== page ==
Researchers at the Center for Injury Biomechanics at Virginia Tech in Blacksburg, Virginia compared the relative safety afforded by two 1930-vintage leather football helmets and 10 modern football helmets during impacts to players' heads. These researchers found that all 10 modern helmets provided significantly more protection than leather helmets used in the first half of the twentieth century, and demonstrated that differences also exist between modern helmets.
Details on their methods and findings are found in "Biomechanical performance of leather and modern football helmets. Technical note," by Steven Rowson, a research assistant professor. Ray W. Daniel, a biomedical engineering graduate student, and Stefan M. Duma, professor and head of the Virginia Tech -- Wake Forest School of Biomedical Engineering, published today online, ahead of print, in the Journal of Neurosurgery.
The authors evaluated leather and modern football helmets by performing a series of 20 drop tests that represent a variety of impacts that could occur during a football game. An anthropometric head form was placed on an adjustable mount suspended from an overhead carriage. Each helmet in turn was placed on the head form, which was dropped in a controlled fashion from heights of 12, 24, 36, 48, and 60 inches onto a standardized anvil to simulate impacts delivered from blows to the head during play. The head form was placed in four different positions before impact simulation -- front, side, rear, and top according to which surface of the head form faced downward -- so that linear acceleration of the helmeted head form in each position could be measured.
Drop tests were used to measure the performance of two Hutch H-18 leather football helmets and 10 modern football helmets that differed in model, manufacturer, and 2011 Virginia Tech Helmet Rating™. The measures were: 5 stars, best available; 4 stars, very good; 3 stars, good, 2 stars, adequate; 1 star, marginal; and no star, not recommended.
Each modern helmet was subjected to all 20 drop tests (four impact locations at five drop heights). Each vintage leather helmet was subjected to 12 drop tests; the 48- and 60-inch drop tests were not undertaken because it was feared that accelerations from those heights might damage the head form when covered by vintage helmets. Drop testing of modern helmets was conducted during an earlier study, at which time the modern helmets were assigned star ratings. Drop testing of vintage helmets was undertaken for the present investigation.
The ten modern helmets were split into two groups: six helmets with a four- or five-star rating in the first group and four helmets with a three-star or lower rating in the second group. The two vintage helmets constituted a third helmet group. Based on the results of the drop tests, the researchers calculated each helmet group's average peak accelerations for each head form position and each drop height.
Rowson and colleagues found that vintage leather helmets were associated with substantially greater peak accelerations for each drop height than all modern helmets. In addition, the researchers found modern helmets reduced the concussion risk by 45 percent for the 24-inch drop height and 96 percent for the 36-inch drop height. Modern helmets with lower star ratings had greater peak accelerations for each drop height than modern helmets with higher star ratings, and the differences in peak accelerations between the two modern helmet groups increased with each increase in drop height. All comparisons were statistically significant at a level of p < 0.001.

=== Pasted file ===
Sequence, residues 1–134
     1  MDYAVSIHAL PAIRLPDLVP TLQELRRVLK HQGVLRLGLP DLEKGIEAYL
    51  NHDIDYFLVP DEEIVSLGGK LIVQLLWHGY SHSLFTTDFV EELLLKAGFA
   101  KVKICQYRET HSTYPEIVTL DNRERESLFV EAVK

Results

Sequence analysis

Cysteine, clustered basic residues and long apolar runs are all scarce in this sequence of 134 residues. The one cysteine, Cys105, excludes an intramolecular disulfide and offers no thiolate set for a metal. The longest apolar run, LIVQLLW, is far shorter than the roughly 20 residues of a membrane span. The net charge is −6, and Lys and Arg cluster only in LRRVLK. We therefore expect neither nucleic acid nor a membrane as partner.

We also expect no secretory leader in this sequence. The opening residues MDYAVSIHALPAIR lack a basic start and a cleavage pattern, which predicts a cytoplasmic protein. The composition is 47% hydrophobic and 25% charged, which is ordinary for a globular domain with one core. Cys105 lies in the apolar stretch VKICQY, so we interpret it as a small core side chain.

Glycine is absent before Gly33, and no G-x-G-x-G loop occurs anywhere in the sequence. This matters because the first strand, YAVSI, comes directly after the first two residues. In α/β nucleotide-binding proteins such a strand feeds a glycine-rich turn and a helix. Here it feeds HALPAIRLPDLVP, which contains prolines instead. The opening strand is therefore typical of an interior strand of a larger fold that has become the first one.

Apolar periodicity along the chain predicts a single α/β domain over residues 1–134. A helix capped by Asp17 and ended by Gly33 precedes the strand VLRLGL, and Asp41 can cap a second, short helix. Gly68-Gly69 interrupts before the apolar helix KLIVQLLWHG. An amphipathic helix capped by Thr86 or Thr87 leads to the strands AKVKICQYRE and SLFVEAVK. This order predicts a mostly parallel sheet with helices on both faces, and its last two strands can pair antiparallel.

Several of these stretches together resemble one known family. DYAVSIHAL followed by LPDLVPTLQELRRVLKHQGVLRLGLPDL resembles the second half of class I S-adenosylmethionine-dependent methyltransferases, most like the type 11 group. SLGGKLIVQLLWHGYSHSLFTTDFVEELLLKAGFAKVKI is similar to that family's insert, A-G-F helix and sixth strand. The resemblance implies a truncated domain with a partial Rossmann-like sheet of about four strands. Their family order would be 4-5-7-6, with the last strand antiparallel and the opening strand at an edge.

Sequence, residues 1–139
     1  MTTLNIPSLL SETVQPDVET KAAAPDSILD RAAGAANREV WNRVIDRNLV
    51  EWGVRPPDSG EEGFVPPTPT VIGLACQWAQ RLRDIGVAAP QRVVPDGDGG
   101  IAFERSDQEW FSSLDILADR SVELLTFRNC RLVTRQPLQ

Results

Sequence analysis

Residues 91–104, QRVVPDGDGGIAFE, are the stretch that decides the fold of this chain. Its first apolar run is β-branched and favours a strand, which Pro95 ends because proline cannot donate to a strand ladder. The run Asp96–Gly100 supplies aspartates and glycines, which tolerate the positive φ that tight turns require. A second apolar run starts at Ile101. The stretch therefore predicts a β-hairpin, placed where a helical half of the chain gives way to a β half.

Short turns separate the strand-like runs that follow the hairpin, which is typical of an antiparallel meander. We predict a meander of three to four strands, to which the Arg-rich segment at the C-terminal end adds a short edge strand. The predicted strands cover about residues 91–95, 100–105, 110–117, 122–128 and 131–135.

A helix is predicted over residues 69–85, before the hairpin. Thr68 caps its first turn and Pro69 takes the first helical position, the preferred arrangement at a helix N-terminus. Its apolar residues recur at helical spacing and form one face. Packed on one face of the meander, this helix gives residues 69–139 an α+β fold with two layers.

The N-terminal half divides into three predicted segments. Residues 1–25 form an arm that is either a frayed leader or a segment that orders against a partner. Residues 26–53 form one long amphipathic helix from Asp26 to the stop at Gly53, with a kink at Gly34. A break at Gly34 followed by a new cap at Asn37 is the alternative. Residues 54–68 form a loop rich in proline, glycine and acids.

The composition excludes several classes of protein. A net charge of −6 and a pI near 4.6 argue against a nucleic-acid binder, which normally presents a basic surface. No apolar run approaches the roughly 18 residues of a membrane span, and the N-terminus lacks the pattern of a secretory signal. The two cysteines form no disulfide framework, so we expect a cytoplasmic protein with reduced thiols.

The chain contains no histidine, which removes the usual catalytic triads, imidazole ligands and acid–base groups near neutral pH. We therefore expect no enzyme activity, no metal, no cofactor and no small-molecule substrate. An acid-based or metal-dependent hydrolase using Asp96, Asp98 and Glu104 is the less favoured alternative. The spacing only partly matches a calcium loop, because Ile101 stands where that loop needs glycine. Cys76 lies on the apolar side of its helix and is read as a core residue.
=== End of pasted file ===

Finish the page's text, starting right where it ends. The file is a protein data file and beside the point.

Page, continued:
The authors state that the purpose of the technical note is to provide insight as to how a previous study (Bartsch A et al. Impact test comparisons of 20th and 21st century American football helmets. Laboratory investigation. J Neurosurg 116:222-233, 2012) could find little difference between older and modern helmets with respect to head impact doses and head injury risks at the severity level of subconcussive injury.
Rowson and his coauthors state that they offer "biomechanical analysis based on helmet testing methodologies that compare relative helmet performance." The source of their disagreement with the Bartsch study centers on the different methods used by the authors of the two studies. Much of the discussion explains how differences in impact testing methodologies can influence the resulting data.
In an editorial companying the paper by Rowson and his colleagues ("Editorial. Leather football helmets," by Adam Bartsch, Edward Benzel, M.D., Vincent Miele, M.D., and Vikas Prakash, also published today online, ahead of print in the Journal of Neurosurgery, Bartsch and his colleagues defend the study they published in the Journal of Neurosurgery in 2012 and state that differences in results between the two studies are based on the different testing methodologies used by the two groups of researchers and the resulting head motions that were induced.
They state that their study simulated both linear and rotational head motion, whereas the drop test used by Rowson and colleagues provided mainly linear head motion. Bartsch and colleagues reiterate that their data demonstrated test conditions akin to common on-field impact scenarios, which cause both linear and rotational head motion. These researchers call for continued examination of experimental protocols that may lead to better quantification of helmet performance during simulated on-field conditions.
In their response to the editorial, Rowson and colleagues discuss points of difference and agreement between the two sets of researchers and their methodologies.
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